Wen aims for eight per cent growth and social reforms
China expects eight per cent growth in 2010 and hopes to create nine million jobs, Prime Minister Wen Jiabao told the People’s Congress in his annual address Friday. He pledged to improve conditions for the country’s 230 million migrant workers.
"This is a crucial year for continuing to deal with the global financial crisis, maintaining steady and rapid economic development and accelerating the transformation of the pattern of economic development," Wen told the country’s parliament.
Wen announced economic and social targets for the year to come:
- Growth should be eight per cent growth, after last year’s 8.7 per cent;
- Inflation will be reduced to about three per cent;
- Bank lending will be curbed to avoid a speculative bubble;
- Domestic spending will be boosted to make the economy less reliant on cheap exports;
- The currency, the yuan, will remain “basically stable”, a stance which may annoy trading partners who say it is kept low to boost exports;
- Social services will be improved for migrant workers, notably by reforming residency rules which discriminate against the millions of migrant workers on whose labour the big cities now rely.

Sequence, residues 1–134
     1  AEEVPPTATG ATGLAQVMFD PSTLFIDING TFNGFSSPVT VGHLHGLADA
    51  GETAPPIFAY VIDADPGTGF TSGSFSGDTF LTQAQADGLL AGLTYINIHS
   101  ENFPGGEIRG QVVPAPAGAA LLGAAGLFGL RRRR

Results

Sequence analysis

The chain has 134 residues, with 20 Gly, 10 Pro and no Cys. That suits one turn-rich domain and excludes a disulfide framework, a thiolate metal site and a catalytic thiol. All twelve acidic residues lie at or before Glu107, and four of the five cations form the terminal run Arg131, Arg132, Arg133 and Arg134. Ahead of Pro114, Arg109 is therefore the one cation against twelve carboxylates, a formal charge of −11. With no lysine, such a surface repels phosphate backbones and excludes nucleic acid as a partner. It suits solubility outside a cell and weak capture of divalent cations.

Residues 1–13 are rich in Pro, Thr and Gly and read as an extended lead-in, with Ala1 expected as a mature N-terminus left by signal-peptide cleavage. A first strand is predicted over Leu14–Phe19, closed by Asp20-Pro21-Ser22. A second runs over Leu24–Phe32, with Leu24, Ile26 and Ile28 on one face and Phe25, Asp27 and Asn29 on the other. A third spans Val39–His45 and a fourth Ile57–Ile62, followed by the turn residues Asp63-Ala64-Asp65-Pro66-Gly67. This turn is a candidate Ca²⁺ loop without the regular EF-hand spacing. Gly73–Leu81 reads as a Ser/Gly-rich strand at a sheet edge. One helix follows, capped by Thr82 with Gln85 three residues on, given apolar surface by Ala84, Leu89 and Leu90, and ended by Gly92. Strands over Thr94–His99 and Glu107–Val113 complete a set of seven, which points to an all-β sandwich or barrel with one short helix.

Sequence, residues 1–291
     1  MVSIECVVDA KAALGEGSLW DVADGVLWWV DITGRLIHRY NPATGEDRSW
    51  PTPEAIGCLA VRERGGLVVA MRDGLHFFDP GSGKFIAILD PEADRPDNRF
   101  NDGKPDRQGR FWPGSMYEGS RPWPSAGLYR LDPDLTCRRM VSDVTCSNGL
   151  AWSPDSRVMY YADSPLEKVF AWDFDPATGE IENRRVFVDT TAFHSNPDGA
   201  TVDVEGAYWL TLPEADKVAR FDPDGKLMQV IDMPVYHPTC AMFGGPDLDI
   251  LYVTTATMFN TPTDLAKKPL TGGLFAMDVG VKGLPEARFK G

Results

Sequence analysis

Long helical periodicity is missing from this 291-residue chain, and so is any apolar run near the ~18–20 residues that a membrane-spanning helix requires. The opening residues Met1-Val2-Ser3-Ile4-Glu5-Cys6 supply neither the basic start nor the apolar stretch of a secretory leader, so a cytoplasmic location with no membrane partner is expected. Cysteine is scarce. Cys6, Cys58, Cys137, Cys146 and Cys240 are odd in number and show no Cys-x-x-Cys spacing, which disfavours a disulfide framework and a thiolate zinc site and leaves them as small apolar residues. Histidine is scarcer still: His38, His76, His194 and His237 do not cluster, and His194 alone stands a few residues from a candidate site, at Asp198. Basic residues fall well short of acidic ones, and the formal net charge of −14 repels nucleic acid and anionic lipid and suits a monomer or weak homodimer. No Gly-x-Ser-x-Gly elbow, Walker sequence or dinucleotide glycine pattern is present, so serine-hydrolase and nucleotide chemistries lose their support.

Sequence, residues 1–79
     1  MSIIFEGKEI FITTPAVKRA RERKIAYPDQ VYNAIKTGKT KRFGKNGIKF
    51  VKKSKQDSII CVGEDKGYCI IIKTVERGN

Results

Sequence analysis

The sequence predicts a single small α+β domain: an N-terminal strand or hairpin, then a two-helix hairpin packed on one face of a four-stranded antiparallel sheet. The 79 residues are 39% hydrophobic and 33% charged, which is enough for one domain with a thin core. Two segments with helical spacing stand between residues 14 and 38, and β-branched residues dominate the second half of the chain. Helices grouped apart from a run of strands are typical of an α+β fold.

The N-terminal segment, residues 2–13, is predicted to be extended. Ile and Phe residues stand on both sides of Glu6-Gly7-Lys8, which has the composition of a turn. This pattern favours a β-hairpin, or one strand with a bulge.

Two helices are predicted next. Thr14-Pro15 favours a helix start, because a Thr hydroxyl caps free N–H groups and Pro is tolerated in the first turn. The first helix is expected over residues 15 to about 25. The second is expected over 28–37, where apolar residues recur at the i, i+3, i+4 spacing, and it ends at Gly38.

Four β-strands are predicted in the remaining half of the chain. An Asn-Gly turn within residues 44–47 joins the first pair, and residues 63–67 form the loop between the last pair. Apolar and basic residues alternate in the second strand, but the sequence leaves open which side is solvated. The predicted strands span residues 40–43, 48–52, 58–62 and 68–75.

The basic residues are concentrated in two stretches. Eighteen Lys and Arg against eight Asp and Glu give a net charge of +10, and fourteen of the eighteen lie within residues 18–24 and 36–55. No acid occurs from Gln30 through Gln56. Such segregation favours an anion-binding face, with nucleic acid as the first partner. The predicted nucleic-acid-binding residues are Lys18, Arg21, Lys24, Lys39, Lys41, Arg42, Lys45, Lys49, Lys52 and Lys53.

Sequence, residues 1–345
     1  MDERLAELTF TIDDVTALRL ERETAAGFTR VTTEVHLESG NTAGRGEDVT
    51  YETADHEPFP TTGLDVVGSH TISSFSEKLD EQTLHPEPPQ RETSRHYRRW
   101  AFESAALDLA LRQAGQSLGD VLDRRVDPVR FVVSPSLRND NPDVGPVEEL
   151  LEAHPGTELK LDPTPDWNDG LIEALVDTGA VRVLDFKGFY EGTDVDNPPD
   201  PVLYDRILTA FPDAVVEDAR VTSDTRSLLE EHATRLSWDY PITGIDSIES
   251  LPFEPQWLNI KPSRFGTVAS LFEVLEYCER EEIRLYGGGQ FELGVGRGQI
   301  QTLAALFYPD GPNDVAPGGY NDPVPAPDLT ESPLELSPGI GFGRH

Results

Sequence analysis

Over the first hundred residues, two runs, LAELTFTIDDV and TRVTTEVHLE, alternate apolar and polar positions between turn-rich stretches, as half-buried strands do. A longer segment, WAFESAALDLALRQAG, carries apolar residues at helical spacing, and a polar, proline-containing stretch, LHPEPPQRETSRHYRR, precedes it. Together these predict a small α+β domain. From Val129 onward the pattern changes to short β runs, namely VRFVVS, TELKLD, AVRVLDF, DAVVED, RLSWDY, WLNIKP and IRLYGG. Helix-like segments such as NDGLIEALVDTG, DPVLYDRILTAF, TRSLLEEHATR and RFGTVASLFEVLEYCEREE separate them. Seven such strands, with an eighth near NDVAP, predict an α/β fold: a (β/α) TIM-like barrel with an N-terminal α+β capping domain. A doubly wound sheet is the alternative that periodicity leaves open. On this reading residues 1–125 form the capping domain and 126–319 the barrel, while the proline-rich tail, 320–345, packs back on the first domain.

China’s economic growth has been accompanied by thousands of protests, many of them violent, by workers and farmers. The threat of social unrest is a major concern of the ruling Communist Party.
"We will move faster to buld a better social safety net to provide basic security to people and free them from worries, Wen said. "We will not only make the pie of social wealth bigger by developing the economy, but also distribute it well on the basis of a rational income distribution system."
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